Design Through the Decades - Part 6
The population in Phoenix, Arizona reached 983,403 in 1990 (up another 200,000 since 1980), but since other US cities were also growing quickly, Phoenix remained the 9th largest US city in 1990 (same ranking as in 1980). However, it seemed like everyone was moving to Phoenix. The population grew by over 330,000 in the 1990s! That’s a lot of demand for new houses. Phoenix had to grow further west, further north, and further west in Ahwatukee.
That meant home builders were building like crazy. In order to keep up the pace, construction had to be like an assembly line. Wood frame, stucco. Next. Wood frame, stucco. Next. Once you picked out your floor plan, you got to choose Elevation A, Elevation B, or Elevation C, which usually meant an extra $1,000 for framed windows, and another $1,000 for a different air vent over the garage.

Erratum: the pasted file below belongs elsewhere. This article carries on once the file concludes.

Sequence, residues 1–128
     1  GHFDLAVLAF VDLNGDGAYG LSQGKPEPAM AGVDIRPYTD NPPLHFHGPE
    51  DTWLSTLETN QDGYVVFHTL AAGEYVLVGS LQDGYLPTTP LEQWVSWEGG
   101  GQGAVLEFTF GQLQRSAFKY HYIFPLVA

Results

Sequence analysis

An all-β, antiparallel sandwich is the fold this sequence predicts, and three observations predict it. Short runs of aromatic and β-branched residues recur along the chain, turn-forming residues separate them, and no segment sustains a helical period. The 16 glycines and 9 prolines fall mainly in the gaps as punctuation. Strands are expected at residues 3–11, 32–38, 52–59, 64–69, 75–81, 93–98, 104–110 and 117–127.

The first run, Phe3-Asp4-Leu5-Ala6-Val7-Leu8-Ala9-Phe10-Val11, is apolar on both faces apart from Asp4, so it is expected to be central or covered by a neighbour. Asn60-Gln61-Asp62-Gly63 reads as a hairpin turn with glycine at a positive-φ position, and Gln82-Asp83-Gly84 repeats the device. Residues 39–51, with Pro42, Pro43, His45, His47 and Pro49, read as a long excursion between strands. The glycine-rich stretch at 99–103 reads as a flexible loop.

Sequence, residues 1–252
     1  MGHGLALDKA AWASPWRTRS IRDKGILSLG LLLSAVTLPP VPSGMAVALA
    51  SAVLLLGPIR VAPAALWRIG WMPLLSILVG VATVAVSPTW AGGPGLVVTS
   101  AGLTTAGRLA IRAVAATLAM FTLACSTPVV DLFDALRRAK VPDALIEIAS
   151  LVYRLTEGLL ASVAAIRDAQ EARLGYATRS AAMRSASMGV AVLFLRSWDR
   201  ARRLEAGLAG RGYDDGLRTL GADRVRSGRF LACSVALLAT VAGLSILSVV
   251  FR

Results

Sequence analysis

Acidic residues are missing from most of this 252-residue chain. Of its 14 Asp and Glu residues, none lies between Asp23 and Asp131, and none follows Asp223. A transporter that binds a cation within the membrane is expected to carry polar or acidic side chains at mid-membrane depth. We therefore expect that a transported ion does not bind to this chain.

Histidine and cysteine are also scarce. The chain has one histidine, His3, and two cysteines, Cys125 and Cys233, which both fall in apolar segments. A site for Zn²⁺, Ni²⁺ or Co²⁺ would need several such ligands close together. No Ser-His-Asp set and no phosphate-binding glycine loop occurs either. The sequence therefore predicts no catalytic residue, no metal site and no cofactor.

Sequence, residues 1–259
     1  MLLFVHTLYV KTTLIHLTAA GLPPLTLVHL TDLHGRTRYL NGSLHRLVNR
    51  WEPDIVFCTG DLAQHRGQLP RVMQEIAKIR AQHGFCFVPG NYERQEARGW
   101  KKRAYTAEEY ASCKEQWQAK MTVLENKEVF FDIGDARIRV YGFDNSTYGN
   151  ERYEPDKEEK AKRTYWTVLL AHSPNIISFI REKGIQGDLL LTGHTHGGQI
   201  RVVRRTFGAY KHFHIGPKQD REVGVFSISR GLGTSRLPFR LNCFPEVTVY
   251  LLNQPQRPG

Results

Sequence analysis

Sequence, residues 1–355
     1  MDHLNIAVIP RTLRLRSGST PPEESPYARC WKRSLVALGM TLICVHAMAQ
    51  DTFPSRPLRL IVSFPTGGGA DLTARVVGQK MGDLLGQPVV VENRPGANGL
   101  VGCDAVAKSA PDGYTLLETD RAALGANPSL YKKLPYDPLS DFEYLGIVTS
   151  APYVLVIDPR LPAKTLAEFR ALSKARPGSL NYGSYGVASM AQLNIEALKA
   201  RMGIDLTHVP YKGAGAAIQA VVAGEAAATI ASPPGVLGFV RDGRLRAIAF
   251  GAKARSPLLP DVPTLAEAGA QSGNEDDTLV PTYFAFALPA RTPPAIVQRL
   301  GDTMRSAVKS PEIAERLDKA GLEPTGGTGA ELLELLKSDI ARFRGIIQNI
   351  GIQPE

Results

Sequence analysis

Here’s a typical 1990s home built in 1997.
Built in 1992, this home was probably the higher-priced Elevation C plan, what with all the fancy corners and wall extensions.
One of the most high-celebrated features of homes in the 1990s was the bay window dining room. This created a narrow entryway which was a real joy when moving in/out with large furniture.
Another way to distinguish your home from all the others in your subdivision was to have column pop-outs. By adding an extra layer of styrofoam and stucco, your house was elevated in style and class.
This is another example of corner pop-outs.
Using the same “happy face” style of the 1980s, this 1990s home says hello. (Another copied style from the 1980s was having the front door on the side of the house.)